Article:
January 2, 2014

A helicopter landed alongside an icebound Russian research ship in Antarctica Thursday and began picking up its 52 trapped passengers, after a number of false starts and failed icebreaking attempts.

Winds, rain halt Antarctic ship rescue

January 1, 2014

Strong winds and rain Wednesday prevented the helicopter rescue of passengers on a Russian ship stuck in ice off Antarctica, Australian authorities said, as those onboard rang in the New Year with a sing-song from the deck.

Rescue of icebound Antarctic ship faces setback

December 28, 2013

A Chinese icebreaker that was en route to rescue a ship trapped in Antarctic ice was forced to turn back on Saturday after being unable to push its way through the heavy sea ice.

Ship involved in Antarctic rescue faces trouble

January 3, 2014

(AP)—An Australian icebreaker carrying 52 passengers who were retrieved from an icebound ship in the Antarctic was told to halt its journey home on Friday after concerns that a Chinese vessel involved in the dramatic rescue ...

Recommended for you

Seismologists introduce new measure of earthquake ruptures

March 21, 2018

A team of seismologists has developed a new measurement of seismic energy release that can be applied to large earthquakes. Called the Radiated Energy Enhancement Factor (REEF), it provides a measure of earthquake rupture ...

Conservation costs can be higher than bargained for

March 21, 2018

Sweeping policies that reward people in environmentally sensitive areas for returning their farmlands to nature have been lauded as ecological triumphs. But a new Michigan State University study shows that over time some ...


Adjust slider to filter visible comments by rank

Display comments: newest first

3.9 / 5 (10) Jan 03, 2014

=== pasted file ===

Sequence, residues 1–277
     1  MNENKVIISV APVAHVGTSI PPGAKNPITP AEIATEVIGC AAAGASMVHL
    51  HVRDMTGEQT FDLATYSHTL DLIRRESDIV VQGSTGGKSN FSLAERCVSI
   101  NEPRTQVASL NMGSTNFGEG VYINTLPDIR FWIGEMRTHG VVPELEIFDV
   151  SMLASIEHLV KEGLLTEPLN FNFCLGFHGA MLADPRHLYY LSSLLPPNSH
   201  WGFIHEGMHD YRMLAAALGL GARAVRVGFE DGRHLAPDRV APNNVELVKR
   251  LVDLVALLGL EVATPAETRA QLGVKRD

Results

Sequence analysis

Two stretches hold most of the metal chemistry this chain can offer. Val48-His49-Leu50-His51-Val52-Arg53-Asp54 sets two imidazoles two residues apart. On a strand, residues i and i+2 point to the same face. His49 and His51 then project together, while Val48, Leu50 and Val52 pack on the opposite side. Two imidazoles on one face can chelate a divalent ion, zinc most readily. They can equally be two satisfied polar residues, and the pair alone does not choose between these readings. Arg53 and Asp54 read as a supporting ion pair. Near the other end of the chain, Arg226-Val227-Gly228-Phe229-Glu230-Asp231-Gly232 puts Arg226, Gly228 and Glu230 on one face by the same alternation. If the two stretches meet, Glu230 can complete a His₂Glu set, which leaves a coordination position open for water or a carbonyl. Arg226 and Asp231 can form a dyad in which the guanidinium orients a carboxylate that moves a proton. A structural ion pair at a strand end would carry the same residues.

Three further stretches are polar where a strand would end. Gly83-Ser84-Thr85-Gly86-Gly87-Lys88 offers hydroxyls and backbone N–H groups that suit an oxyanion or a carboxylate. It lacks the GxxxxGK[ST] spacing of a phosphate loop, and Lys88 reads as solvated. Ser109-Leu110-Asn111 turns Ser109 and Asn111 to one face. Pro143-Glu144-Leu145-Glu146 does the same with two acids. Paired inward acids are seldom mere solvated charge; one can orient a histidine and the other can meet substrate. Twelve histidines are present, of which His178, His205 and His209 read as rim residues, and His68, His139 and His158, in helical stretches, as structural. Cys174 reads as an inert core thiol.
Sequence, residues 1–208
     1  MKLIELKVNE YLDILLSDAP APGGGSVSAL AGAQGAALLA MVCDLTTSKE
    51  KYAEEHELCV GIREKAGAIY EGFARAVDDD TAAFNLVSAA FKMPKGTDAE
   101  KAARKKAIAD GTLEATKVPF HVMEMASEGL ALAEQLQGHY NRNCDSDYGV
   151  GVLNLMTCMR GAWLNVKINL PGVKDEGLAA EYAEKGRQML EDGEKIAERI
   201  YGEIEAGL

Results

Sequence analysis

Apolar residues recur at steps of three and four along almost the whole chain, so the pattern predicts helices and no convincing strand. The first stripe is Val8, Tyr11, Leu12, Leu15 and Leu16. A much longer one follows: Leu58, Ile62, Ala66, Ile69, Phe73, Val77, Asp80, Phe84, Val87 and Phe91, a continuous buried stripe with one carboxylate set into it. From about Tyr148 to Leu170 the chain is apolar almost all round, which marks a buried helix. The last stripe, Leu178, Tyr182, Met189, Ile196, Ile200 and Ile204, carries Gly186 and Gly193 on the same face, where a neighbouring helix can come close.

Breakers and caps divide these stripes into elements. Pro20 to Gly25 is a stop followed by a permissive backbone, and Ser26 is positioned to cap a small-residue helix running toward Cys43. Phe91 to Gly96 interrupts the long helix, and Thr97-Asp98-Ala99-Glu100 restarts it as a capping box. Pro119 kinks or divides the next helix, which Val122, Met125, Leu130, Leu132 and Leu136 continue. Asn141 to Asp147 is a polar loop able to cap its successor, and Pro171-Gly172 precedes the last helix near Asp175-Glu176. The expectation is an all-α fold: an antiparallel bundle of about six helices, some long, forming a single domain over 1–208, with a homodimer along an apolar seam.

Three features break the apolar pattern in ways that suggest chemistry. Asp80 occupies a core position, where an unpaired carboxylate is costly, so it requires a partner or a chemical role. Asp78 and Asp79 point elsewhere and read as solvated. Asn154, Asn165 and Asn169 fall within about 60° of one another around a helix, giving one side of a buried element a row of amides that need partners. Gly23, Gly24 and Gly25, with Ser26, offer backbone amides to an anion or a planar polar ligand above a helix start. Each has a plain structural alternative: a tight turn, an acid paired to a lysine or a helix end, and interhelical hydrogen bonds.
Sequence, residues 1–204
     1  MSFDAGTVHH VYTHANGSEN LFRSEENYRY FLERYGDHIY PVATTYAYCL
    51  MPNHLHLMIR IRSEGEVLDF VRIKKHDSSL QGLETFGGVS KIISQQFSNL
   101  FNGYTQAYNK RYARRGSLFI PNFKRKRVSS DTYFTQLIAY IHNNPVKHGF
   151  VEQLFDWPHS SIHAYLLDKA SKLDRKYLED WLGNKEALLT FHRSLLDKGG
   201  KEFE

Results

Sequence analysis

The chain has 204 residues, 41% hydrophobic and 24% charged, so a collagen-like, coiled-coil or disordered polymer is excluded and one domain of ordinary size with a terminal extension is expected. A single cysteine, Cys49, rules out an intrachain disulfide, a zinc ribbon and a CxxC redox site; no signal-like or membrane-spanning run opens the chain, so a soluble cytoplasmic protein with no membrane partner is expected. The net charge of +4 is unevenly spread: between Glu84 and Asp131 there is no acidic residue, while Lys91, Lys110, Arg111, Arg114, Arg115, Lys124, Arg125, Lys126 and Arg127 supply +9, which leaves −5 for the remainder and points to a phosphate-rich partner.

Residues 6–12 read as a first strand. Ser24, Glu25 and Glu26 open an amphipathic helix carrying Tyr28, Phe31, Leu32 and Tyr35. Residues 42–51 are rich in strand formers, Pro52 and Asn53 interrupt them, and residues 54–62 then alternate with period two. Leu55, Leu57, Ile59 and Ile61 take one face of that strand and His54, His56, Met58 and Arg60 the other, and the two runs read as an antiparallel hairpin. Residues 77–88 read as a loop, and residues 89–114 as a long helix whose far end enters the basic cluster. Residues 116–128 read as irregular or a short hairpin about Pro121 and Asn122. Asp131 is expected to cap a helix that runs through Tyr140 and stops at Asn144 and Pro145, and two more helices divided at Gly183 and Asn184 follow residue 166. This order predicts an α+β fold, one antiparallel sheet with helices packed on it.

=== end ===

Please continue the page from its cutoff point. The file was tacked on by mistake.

It was a media stunt to promote the AGW agenda. The various media companies should be required to foot the rescue bill.
4.3 / 5 (10) Jan 03, 2014
and, in addition, match the bill to make up for the inconvenience
3.5 / 5 (8) Jan 03, 2014
and, in addition, match the bill to make up for the inconvenience

I have to agree, as I've already voiced my position on this.

Given they are supposedly climate scientists, one wonders at the fact there wasn't an actual scientist among them to predict the weather, so as to avoid a change in ice flow direction.
2.6 / 5 (5) Jan 03, 2014
I do hope the head of the French Antarctic program understands what science was being performed before he made this statement and this isn't just a knee-jerk response because he is upset.
3.3 / 5 (7) Jan 04, 2014
Amazing how this angle has been ignored by the media.

I guess "AGW propaganda voyage STILL trapped in summer sea ice" doesn't fit the desired narrative?
4 / 5 (4) Jan 05, 2014
Given they are supposedly climate scientists, one wonders at the fact there wasn't an actual scientist among them to predict the weather, so as to avoid a change in ice flow direction.

The self-proclaimed expert on everything confuses climate with weather, and when convenient thinks it's perfectly predictable in what is probably the most dangerous ocean environment on the planet. Antarctic travel is never without risk.

Please sign in to add a comment. Registration is free, and takes less than a minute. Read more

Click here to reset your password.
Sign in to get notified via email when new comments are made.